Opinion: What next for the Creative Scotland funding losers?

Neil Cooper asks what impact the decisions will have on Scotland’s cultural scene

Opinion: What next for the Creative Scotland funding losers?

Edinburgh's Royal Lyceum Theatre

Neil Cooper is a freelance writer and critic on theatre, music and art. He tweets at @NeilCooper1.

When Creative Scotland announced their regular funding decisions towards the end of last year, it showed just how much Scotland’s arts funding quango hasn’t changed since the appointment of a new set of administrators following the departure of its previous incumbents at the end of 2012.

While the decisions highlighted justified winners, including the likes of Vanishing Point and Grid Iron theatre companies, as well as contemporary music producers Arika, 28 organisations who received money in 2014-15 were declined regular funding for 2015-18. Those who missed out included Scottish Youth Theatre and Untitled Projects, whose show Paul Bright’s Confessions of A Justified Sinner has been lauded at home and abroad. Untitled have announced that the company is being left dormant for the foreseeable future, while Scottish Youth Theatre is to receive funding directly from the Scottish Government for the next three years in the run-up to Scotland’s Year of Young People in 2018.

Others who didn’t make the cut included three major Edinburgh galleries – Stills, Talbot Rice and Inverleith House – as well as Artlink, a vital community-based body that provides access to arts for disabled individuals. Neither Aberdeen’s pioneering sound festival of contemporary music nor Live Music Now Scotland, which takes performances to vulnerable people in the community, will receive funding from 2015. Both the Royal Lyceum Theatre and Traverse Theatre in Edinburgh, meanwhile, received substantial cuts that will affect future programming.

How these companies survive will require some genuine creativity. It may even result in a grassroots culture that learns to operate outwith the institutions – and which arguably already exists in lo-fi ventures such as Edinburgh’s 30-seat Discover 21 space, the Embassy and Rhubaba galleries, in LeithLate and the Village Pub Theatre, all of which receive little or no public subsidy, but which create increasingly vital work despite this.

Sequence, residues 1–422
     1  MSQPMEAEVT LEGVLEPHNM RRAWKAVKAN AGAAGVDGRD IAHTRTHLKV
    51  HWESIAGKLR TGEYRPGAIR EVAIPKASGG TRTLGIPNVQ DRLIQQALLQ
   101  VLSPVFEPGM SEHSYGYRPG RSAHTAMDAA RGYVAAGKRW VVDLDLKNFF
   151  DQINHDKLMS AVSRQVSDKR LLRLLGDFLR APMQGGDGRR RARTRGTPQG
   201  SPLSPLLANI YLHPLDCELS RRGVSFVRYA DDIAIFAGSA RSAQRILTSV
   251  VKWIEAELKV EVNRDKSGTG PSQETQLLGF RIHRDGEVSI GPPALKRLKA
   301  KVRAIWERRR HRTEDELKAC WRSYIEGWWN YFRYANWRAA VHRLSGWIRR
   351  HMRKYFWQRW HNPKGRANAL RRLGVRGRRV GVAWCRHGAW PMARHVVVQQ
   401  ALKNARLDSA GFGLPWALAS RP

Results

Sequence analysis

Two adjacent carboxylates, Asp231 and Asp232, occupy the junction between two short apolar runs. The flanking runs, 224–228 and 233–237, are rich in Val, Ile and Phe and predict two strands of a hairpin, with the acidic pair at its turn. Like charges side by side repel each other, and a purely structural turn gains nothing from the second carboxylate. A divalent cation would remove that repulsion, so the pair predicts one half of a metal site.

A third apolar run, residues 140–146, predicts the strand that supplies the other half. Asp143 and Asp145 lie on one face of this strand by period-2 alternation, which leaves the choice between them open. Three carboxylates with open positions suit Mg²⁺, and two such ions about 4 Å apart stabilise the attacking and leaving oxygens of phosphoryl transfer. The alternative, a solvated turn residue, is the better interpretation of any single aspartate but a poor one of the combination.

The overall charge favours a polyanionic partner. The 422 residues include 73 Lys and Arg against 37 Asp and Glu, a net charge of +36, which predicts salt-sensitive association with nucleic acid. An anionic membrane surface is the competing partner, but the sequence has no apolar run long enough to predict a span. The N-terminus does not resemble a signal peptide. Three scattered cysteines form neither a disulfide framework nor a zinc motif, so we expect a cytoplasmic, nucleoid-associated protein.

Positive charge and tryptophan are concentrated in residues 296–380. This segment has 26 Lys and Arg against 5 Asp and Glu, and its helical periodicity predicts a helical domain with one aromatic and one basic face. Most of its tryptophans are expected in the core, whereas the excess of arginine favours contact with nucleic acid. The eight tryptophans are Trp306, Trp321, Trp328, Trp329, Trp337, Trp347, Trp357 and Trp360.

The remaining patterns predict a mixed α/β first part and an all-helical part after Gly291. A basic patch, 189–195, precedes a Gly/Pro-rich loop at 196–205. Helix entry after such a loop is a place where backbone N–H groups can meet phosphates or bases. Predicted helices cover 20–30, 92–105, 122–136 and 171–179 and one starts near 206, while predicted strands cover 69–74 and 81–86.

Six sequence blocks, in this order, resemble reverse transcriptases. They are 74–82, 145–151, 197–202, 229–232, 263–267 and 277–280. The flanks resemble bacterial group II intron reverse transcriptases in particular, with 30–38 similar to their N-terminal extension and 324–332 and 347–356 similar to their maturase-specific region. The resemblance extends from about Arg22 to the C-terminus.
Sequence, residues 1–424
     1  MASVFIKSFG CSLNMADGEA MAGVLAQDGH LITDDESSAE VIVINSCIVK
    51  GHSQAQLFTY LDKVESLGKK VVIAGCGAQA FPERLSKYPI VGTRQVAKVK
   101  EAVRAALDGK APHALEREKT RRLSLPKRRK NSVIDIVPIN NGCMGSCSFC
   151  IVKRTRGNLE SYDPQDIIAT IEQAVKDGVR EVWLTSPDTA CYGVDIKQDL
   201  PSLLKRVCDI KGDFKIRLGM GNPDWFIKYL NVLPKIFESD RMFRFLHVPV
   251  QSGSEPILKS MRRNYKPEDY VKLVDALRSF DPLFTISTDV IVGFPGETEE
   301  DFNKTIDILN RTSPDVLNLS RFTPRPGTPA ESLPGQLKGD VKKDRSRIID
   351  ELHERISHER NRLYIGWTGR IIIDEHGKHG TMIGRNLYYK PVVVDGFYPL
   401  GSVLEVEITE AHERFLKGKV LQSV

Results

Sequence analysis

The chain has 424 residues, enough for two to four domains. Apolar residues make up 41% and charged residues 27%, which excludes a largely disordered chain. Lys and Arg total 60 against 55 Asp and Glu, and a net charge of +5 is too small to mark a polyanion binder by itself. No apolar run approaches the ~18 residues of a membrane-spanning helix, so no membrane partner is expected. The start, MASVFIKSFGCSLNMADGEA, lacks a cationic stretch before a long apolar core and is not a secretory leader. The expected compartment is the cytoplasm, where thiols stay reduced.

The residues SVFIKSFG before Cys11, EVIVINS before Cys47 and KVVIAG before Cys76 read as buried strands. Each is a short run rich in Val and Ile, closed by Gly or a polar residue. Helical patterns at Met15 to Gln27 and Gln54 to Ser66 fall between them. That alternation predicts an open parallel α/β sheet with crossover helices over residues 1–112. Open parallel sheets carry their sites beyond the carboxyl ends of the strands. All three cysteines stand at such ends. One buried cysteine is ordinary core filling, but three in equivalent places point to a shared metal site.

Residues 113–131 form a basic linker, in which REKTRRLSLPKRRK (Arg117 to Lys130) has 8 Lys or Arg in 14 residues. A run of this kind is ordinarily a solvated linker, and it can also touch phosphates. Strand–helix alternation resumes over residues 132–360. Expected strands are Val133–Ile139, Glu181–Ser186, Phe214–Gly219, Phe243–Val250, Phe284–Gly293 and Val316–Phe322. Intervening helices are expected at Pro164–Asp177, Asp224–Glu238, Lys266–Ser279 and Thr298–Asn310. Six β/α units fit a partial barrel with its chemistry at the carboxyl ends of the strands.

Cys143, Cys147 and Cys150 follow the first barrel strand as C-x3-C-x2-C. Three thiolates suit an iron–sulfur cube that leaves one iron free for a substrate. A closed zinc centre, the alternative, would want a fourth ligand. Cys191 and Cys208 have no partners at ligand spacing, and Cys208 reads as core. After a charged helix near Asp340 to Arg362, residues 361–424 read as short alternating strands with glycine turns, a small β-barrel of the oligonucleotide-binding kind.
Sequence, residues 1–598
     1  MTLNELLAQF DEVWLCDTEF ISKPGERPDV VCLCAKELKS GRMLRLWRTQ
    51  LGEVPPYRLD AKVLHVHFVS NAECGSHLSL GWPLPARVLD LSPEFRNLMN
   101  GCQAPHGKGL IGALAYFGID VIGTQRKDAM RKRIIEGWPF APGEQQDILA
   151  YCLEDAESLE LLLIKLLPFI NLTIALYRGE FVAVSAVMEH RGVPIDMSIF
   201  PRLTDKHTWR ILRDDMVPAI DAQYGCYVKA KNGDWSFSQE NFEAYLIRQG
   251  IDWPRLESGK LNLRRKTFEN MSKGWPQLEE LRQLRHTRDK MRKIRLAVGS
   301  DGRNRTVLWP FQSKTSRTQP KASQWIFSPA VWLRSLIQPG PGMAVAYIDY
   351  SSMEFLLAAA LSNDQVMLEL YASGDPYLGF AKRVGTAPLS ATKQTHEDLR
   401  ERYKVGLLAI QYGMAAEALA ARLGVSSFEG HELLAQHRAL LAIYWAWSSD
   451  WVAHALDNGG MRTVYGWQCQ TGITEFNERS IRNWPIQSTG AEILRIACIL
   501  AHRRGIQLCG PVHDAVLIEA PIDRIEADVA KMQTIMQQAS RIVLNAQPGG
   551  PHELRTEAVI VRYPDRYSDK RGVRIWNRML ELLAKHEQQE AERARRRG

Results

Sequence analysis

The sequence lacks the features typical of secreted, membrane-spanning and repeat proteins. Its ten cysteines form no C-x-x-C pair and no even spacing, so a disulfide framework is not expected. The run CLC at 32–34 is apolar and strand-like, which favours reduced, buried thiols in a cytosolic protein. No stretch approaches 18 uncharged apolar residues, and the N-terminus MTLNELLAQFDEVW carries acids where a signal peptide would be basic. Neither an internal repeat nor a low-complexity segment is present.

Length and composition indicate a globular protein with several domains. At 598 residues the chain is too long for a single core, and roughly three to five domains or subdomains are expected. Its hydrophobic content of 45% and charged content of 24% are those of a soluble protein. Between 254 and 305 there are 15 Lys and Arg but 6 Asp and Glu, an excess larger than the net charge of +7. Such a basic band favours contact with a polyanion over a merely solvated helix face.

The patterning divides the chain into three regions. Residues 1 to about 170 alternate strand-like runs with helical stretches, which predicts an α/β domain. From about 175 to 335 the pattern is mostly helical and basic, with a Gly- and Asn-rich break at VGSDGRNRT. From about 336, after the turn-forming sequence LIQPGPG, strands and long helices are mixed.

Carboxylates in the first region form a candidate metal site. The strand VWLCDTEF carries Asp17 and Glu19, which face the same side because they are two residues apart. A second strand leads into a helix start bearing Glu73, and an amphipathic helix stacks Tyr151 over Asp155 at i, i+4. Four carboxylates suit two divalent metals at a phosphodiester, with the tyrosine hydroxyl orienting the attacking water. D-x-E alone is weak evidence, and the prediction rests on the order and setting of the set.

Nobody working in the arts is under any illusion that an imposed austerity culture is the cause of the current round of cuts, but Creative Scotland’s top-down philosophy doesn’t help. This is something that needs to be addressed by the organisation’s incoming chair Richard Findlay, a man who, as former chair of bodies including the National Theatre of Scotland, STV and the Royal Lyceum Theatre, arguably has more experience in Scotland’s arts scene than Waverley Gate’s tranche of senior managers combined.

There are some eminently qualified people working at the coalface of the organisation to enable artists the best they can, but it still isn’t clear who makes the decisions. Ultimately, instead of fostering a culture of competition that creates a scenario of winners and losers as a business might do, Creative Scotland needs to allow artists to lead the way while they get on with the business of administrating, enabling and serving those artists while arguing harder for extra resources. That way, major organisations such as sound, Artlink and Live Music Now and won’t be left struggling to survive.

Find out more about Creative Scotland's funding here:

Creative Scotland regular funding announcement, 30 Oct 2014
Creative Scotland funding overview
Creative Scotland 10-year plan


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